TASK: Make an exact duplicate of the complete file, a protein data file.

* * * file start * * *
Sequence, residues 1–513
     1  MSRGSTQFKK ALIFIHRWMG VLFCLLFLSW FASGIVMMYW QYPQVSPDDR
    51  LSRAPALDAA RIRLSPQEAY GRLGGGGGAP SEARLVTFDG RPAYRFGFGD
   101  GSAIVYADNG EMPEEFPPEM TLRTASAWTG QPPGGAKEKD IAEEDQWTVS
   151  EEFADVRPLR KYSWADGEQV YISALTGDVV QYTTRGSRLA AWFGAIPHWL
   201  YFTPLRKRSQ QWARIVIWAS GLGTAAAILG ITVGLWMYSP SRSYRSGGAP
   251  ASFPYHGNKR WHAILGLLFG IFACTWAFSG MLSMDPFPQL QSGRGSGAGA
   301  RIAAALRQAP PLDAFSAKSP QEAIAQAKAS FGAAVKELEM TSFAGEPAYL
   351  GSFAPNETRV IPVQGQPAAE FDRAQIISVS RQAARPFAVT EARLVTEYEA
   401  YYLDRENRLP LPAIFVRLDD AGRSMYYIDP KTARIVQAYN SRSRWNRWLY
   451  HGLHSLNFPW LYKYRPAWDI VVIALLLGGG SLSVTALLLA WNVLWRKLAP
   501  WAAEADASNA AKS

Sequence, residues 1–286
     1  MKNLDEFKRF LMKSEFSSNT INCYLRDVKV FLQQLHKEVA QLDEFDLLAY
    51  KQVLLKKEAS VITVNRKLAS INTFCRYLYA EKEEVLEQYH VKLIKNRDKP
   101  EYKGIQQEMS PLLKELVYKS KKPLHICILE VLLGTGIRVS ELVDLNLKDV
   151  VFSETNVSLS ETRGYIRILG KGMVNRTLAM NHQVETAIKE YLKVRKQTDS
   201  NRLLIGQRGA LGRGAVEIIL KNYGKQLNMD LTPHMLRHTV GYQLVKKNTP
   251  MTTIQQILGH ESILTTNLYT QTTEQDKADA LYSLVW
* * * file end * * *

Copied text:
Sequence, residues 1–513
     1  MSRGSTQFKK ALIFIHRWMG VLFCLLFLSW FASGIVMMYW QYPQVSPDDR
    51  LSRAPALDAA RIRLSPQEAY GRLGGGGGAP SEARLVTFDG RPAYRFGFGD
   101  GSAIVYADNG EMPEEFPPEM TLRTASAWTG QPPGGAKEKD IAEEDQWTVS
   151  EEFADVRPLR KYSWADGEQV YISALTGDVV QYTTRGSRLA AWFGAIPHWL
   201  YFTPLRKRSQ QWARIVIWAS GLGTAAAILG ITVGLWMYSP SRSYRSGGAP
   251  ASFPYHGNKR WHAILGLLFG IFACTWAFSG MLSMDPFPQL QSGRGSGAGA
   301  RIAAALRQAP PLDAFSAKSP QEAIAQAKAS FGAAVKELEM TSFAGEPAYL
   351  GSFAPNETRV IPVQGQPAAE FDRAQIISVS RQAARPFAVT EARLVTEYEA
   401  YYLDRENRLP LPAIFVRLDD AGRSMYYIDP KTARIVQAYN SRSRWNRWLY
   451  HGLHSLNFPW LYKYRPAWDI VVIALLLGGG SLSVTALLLA WNVLWRKLAP
   501  WAAEADASNA AKS

Sequence, residues 1–286
     1  MKNLDEFKRF LMKSEFSSNT INCYLRDVKV FLQQLHKEVA QLDEFDLLAY
    51  KQVLLKKEAS VITVNRKLAS INTFCRYLYA EKEEVLEQYH VKLIKNRDKP
   101  EYKGIQQEMS PLLKELVYKS KKPLHICILE VLLGTGIRVS ELVDLNLKDV
   151  VFSETNVSLS ETRGYIRILG KGMVNRTLAM NHQVETAIKE YLKVRKQTDS
   201  NRLLIGQRGA LGRGAVEIIL KNYGKQLNMD LTPHMLRHTV GYQLVKKNTP
   251  MTTIQQILGH ESILTTNLYT QTTEQDKADA LYSLVW